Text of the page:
Costa Rica’s executive branch sent a proposal to the Legislative Assembly to reform the country’s Labor Law in order to ban strikes of employees in institutions that offer essential services such as health, security, water supply or electricity.
The request aims to regulate protests by public institution workers “whose interruption of work could affect living conditions of the population, or cause significant damage to the country’s economy,” Presidency Minister Carlos Ricardo Benavides said.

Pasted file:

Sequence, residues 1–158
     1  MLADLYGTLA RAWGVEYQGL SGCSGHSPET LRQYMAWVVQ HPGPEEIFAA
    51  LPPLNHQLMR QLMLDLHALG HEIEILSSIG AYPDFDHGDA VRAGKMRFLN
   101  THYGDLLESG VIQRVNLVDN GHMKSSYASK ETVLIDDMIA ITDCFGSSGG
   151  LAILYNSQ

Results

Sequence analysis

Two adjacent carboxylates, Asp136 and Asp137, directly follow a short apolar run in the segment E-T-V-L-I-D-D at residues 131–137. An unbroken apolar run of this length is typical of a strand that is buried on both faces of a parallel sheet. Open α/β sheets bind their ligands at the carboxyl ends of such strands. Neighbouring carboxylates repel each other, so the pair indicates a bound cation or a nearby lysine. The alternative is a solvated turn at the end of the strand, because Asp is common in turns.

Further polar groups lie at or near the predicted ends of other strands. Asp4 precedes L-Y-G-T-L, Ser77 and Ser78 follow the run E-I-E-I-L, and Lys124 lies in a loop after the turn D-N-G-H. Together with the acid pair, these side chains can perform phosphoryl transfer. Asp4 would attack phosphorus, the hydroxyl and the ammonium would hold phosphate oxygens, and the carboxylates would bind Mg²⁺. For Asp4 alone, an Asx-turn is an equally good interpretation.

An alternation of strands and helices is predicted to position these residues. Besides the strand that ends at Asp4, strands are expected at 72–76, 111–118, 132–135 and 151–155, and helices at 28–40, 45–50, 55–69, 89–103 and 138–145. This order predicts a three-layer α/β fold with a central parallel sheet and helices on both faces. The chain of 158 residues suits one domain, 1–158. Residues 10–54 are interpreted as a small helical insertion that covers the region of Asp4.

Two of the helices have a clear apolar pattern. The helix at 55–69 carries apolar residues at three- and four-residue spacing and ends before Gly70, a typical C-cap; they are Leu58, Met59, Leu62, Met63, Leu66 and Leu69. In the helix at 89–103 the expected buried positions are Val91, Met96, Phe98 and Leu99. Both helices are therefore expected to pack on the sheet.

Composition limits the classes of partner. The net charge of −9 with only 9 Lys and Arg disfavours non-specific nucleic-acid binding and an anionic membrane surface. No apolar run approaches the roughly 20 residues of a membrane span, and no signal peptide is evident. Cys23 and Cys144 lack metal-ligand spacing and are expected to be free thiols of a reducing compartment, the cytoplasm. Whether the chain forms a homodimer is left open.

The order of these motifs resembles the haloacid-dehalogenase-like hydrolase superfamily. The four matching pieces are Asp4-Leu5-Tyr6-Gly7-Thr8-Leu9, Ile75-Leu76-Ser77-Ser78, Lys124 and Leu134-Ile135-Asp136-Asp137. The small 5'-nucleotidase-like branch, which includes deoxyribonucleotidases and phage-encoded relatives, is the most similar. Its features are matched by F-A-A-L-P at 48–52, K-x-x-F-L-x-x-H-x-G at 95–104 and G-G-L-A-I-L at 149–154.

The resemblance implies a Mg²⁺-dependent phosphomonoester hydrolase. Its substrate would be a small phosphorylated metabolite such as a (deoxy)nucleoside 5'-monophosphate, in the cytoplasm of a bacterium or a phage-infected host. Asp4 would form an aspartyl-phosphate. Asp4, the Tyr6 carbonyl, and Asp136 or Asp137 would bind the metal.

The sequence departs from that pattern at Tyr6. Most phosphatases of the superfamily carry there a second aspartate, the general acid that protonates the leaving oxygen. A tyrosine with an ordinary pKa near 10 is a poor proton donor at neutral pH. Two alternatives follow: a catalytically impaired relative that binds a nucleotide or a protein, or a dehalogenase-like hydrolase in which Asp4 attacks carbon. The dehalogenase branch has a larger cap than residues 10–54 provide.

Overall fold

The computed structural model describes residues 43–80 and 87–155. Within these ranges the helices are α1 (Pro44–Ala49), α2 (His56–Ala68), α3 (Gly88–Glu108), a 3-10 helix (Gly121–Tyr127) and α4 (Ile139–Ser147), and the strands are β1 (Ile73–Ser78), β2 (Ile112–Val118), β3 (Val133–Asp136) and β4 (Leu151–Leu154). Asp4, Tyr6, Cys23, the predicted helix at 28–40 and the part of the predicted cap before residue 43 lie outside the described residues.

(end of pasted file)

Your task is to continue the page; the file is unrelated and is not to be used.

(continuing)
The reform would only allow strikes by administrative employees if they were willing to work on a reduced schedule on each day of the protest.
The amendment was drafted after several negotiations with union leaders and is already under review by a Legislative Assembly commission.
However, the secretary of the Association of Public and Private Employees, Walter Quesada, said Wednesday that strikes are a human right and therefore should not be prohibited.